To clear the hawse
Is to take out either a cross, an elbow, or a round turn.
Made fast, as the cable is to the ring of the anchor.
To haul the yards down by the clew-lines.
Are ropes which come down from the yards to the lower corners of the sails, and by which the corners or clews of the sails are hauled up.
To clew up
To haul up the clews of a sail to its yard by means of the clew-lines
That trim of the ship's sails, when she endeavours to make a progress in the nearest direction possible towards that point of the compass from which the wind blows.
To club haul
A method of tacking a ship when it is expected she will miss stays on a lee-shore.
The raised work about the edges of a hatch.
The act of making progress along the sea-coast of any country.
See THE ANCHOR IS.
To coil the rope
To lay it round in a ring, one turn inside another>
A large wooden mallet to drive the fid into the cable when in the act of splicing.
To come home
The anchor is said to come home when it loosens from the ground by the effort of the cable, and approaches the place where the ship floated at the length of her moorings.
Denotes the approach of a ship's head to the direction of the wind.
The point of a compass to which the ship steers
The quality of a ship, which, for want of a sufficient ballast, is rendered incapable of carrying sail without being exposed to danger.
A small iron grapnel used to drag in the bottom of rivers, &c. for any thing loss.
A strand of small rope introduced several times through the bolt rope of a sail, and twisted, to which ropes are fastened.
To crowd sail
To carry more sail than ordinary.
Is a number of small lines spread from the fore-parts of the tops, by means of the piece of wood through which they pass, and being hauled taut upon the stays, they prevent the foot of the top-sails catching under the top rim; they are also used to suspend the awnings.
The art of directing the helmsman to guide the ship in her proper course.
To cut and run
To cut the cable and make sail instantly, without waiting to weigh anchor.
A long beam of timber used to fish the anchor. See FISH THE ANCHOR.
The eddy water, which appears like whirlpools, closing in with the ship's stern, as she sails on.
A kind of window-shutter for the windows in the stern of a ship, used in very bad weather.
The wind right against the ship, or blowing from the very point to which she wants to go.
Blocks of wood through which the lanyards of the shrouds are reeved.
To deaden a ship's way
To impede her progress through the water.
The state of a ship that has lost her masts.
A small vane with feathers and cork, placed on the ship's quarter for the men at the cun and helm, to direct them when the vessel is nigh the wind.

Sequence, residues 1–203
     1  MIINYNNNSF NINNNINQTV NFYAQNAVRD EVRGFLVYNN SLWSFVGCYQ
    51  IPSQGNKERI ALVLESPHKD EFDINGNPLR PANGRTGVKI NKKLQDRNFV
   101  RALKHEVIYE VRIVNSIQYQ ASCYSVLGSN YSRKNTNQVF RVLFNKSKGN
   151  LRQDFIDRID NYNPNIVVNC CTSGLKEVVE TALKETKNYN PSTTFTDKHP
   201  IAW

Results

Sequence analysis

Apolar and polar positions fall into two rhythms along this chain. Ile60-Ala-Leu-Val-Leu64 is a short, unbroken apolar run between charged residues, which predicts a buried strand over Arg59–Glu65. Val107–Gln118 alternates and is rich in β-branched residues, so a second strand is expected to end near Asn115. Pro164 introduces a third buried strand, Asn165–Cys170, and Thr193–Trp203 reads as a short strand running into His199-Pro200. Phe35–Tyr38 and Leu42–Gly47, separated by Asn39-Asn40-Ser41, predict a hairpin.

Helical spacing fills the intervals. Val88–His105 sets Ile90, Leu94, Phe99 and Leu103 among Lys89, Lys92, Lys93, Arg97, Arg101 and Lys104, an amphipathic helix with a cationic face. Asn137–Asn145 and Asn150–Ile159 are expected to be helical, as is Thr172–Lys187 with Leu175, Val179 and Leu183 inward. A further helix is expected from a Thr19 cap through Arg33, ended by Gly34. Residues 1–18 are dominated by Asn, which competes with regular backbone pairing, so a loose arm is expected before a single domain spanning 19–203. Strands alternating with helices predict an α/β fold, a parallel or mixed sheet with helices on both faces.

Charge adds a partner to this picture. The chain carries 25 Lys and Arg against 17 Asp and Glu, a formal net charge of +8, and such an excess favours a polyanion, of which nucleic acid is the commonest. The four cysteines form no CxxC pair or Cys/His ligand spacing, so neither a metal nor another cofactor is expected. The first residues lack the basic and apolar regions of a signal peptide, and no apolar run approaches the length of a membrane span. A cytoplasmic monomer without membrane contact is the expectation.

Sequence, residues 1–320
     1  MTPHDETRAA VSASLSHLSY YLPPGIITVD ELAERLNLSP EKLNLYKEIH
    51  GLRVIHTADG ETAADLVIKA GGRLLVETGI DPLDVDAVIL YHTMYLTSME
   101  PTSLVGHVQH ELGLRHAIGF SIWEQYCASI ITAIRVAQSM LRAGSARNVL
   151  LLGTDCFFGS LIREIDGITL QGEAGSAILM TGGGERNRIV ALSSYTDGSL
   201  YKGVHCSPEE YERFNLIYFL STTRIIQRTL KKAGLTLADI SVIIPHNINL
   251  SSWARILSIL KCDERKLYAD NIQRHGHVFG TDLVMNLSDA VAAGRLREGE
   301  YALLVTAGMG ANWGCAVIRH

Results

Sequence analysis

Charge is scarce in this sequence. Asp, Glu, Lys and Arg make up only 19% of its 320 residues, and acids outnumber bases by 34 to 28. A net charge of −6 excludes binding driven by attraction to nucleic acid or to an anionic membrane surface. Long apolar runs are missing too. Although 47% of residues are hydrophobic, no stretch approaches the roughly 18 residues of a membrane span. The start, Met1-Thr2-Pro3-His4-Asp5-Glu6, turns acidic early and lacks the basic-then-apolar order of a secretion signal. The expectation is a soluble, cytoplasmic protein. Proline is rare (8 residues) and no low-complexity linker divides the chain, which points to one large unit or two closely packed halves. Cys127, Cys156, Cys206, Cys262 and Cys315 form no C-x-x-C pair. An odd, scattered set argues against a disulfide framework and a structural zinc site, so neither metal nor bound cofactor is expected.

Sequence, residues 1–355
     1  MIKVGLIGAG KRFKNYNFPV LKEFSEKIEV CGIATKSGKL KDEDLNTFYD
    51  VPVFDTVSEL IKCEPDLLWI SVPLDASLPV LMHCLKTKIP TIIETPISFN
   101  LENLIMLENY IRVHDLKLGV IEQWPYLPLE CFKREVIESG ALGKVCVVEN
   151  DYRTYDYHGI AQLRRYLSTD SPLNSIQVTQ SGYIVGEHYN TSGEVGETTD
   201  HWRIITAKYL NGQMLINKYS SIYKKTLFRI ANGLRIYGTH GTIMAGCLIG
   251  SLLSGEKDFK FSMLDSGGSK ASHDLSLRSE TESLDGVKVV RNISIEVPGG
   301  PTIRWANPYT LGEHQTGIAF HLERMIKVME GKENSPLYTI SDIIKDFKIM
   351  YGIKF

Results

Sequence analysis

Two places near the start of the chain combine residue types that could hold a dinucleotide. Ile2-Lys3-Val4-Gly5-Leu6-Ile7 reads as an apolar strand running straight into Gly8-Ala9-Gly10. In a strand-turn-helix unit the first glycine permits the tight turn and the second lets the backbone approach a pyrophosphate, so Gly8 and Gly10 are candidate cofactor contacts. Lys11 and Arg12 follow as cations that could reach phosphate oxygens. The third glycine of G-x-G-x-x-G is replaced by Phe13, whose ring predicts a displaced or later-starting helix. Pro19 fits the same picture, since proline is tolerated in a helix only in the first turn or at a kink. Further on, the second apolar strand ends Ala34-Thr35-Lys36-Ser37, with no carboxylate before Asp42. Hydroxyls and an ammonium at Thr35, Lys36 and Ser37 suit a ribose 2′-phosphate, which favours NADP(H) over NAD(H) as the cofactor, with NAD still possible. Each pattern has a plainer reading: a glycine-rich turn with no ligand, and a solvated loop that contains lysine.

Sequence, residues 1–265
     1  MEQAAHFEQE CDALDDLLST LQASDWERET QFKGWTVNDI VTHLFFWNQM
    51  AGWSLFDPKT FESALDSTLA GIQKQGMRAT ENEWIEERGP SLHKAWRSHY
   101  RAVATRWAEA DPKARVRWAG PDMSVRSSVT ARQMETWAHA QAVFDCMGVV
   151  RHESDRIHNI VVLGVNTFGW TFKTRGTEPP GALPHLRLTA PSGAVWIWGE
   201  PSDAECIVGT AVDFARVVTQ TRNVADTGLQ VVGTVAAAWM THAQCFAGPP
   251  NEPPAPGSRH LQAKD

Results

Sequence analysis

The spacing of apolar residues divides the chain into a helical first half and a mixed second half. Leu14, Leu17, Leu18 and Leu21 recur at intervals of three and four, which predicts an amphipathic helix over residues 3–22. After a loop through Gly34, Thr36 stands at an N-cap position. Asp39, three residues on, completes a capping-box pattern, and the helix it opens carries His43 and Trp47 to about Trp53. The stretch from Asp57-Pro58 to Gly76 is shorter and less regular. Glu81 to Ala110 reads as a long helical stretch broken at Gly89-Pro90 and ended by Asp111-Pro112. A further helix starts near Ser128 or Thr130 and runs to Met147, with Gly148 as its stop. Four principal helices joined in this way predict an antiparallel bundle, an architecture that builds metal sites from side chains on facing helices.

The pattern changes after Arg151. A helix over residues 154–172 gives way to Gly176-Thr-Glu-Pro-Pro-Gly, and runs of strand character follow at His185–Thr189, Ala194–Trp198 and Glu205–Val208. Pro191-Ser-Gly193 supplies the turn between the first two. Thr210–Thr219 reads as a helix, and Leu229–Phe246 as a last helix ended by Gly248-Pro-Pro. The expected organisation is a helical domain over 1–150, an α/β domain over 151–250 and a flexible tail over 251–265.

The watches from four to six, and from six to eight, in the evening.
Board, thicker than sheathing, which being nailed to the bottom will stand caulking.
The act of sailing round or passing beyond a cape or point or land.
The act of enclosing any part of a hostile fleet between two fires, or of cannonading it on both sides.
The rope by which any sail is hauled down; as the jib downhaul, &c.
To lower suddenly, or slacken.
To drag the anchor
To trail it along the bottom, after it is loosened from the ground.
When a sail is inflated by the wind, so as to advance the vessel in her course, the sail is said TO DRAW; and SO TO KEEP ALL DRAWING is to inflate all the sails.
The angle which the line of a ship's motion makes with the nearest meridian, when she drives with her side to the wind and waves when laying to. It also implies the distance which the ship drives on that line.
A large sail set upon the mizen yard in light winds.
The state of being carried at random, as impelled by a storm or current. It is generally expressed of a ship when accidentally broken loose from her anchors or moorings.
Used sometimes to denote the depth of a sail; as a fore-topsail drops twelve yards.
To drop anchor
Used synonymously with TO ANCHOR.
To drop a-stern
The ship is said to drop a-stern when, in company with others, she does not sail so fast
To drop down a river
Is done either by backing and filling, or with the kedge anchor.
A quantity of loose wood, &c. laid at the bottom of a ship to keep the goods from being damaged.
A small rope fastened to a cringle in the head of the sail, for the purpose of extending it along the yard. There are Ear-rings for each reef.
To ease, to ease away, or to ease off
To slacken gradually; thus they say, EASE the bowline; EASE the sheet.
Ease the ship!
The command given by the pilot to the helmsman to put the helm a lee, when the ship is expected to plunge her fore part deep in the water when close-hauled.
To edge away
To decline gradually from the shore or from the line of the course which the ship formerly held, in order to go more large.
To edge in with
To advance gradually towards the shore or any other object.